Bigger and Smaller I
The title refers to Escher’s Smaller and Smaller print. This tiling uses a 5-fold geometry, as is obvious from the pentagonal profile, and is based on the same Kite tile as that used in the Penrose tiling. The tiles emerge and disappear into numerous singularities.
A different colour variant is on display in the Art Science Museum at the Marina Bay Sands in the exhibition:
Richard says: This fractal is not shown at its limits, although in this arrangement, it will approach a decagonal limit, which has sides in the proportion of the Golden Ratio. However, in order to proceed to the limit, another tile is necessary to resolve an anomaly where the tiles do not tile the plane without gaps or overlaps. This tiling, with over 400,000 tiles, is under construction but has reached a different kind of limit – my computer processing power. With luck this will be resolved within the next year by Moore’s law.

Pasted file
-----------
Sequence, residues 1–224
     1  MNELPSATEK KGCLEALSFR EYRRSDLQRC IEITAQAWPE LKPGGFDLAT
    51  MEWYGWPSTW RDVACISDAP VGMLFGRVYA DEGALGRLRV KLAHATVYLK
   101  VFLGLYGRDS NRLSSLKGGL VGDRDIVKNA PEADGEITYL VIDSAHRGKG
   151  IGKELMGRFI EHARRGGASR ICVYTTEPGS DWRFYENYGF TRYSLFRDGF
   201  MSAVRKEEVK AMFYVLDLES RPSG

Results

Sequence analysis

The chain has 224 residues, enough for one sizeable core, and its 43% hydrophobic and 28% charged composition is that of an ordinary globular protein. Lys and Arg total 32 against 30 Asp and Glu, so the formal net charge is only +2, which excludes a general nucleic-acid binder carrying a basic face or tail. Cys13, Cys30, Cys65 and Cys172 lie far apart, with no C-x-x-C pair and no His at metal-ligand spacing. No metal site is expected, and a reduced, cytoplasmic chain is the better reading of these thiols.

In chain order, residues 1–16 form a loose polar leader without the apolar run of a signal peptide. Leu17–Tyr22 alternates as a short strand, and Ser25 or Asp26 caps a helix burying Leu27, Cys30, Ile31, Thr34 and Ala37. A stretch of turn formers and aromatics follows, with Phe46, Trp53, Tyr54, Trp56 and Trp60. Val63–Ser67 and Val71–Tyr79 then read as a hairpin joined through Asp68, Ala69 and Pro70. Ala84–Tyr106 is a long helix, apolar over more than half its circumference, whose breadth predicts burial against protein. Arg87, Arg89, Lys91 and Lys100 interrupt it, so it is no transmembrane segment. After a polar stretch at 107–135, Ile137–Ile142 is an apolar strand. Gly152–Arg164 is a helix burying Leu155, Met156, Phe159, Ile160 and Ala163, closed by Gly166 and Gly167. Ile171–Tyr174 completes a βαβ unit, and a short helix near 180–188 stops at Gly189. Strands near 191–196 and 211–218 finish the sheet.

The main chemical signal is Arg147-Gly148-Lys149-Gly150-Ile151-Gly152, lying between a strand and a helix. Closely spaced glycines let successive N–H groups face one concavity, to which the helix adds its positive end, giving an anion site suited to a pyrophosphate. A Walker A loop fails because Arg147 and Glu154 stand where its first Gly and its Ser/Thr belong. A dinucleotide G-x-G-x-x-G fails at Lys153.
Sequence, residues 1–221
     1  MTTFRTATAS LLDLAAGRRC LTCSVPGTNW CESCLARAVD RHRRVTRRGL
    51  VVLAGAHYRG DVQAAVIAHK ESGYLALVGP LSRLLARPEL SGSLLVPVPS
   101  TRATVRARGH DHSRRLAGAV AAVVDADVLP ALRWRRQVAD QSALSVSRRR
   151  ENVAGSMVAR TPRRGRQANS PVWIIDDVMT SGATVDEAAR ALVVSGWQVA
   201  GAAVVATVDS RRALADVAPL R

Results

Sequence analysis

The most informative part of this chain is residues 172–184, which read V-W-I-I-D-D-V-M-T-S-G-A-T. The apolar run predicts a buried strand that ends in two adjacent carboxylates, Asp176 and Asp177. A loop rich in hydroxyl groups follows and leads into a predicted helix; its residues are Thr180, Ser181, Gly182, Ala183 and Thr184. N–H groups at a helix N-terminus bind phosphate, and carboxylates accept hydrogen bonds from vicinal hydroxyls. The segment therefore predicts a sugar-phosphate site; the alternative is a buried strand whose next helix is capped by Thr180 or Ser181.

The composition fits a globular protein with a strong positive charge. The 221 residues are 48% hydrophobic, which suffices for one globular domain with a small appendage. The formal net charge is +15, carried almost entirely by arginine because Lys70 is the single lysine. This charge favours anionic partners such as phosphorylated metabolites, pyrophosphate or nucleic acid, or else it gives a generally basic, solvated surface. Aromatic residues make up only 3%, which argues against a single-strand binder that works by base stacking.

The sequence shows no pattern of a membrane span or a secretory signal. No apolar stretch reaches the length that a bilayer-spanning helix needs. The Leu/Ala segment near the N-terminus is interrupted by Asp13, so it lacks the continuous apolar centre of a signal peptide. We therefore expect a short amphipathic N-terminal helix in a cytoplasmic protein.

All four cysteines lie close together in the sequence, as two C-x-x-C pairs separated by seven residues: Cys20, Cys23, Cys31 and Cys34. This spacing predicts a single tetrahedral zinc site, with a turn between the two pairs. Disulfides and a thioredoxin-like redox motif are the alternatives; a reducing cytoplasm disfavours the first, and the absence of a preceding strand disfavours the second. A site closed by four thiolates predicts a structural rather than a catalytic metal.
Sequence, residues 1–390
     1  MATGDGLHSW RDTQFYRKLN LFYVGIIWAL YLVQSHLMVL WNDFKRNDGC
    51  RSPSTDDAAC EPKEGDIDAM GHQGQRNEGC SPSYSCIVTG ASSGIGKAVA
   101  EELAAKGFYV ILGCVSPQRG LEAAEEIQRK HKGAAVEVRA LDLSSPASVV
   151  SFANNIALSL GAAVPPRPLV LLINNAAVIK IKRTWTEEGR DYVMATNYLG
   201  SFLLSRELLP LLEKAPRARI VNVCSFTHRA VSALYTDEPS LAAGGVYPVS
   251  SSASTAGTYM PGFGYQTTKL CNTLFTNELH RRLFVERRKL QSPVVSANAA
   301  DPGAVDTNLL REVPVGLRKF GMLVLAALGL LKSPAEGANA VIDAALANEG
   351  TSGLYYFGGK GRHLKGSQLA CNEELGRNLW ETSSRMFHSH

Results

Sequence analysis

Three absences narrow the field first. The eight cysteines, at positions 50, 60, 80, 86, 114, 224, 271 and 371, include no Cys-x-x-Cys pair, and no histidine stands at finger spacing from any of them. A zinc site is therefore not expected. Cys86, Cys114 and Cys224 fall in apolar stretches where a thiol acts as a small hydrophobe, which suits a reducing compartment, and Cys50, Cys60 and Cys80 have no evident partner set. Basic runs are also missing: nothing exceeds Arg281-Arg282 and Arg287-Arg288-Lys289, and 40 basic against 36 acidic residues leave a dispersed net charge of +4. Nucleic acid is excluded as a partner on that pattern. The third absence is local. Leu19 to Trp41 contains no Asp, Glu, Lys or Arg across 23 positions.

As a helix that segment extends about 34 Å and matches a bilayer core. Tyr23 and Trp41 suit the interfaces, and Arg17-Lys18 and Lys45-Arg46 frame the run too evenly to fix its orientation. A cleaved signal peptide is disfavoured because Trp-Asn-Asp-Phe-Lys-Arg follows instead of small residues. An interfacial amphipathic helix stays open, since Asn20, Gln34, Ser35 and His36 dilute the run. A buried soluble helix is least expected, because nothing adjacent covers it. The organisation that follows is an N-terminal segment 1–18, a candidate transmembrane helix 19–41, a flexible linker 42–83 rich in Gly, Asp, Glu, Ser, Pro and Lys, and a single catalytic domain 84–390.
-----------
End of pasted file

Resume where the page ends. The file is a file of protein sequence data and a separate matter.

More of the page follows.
As in the Penrose tiling, the colouring with minimal number of colours does not relate to the geometry, instead it applies a kind of camouflage distribution, which to a large degree visually masks the rotational symmetry. This combination of symmetry and randomness is very appealing to me.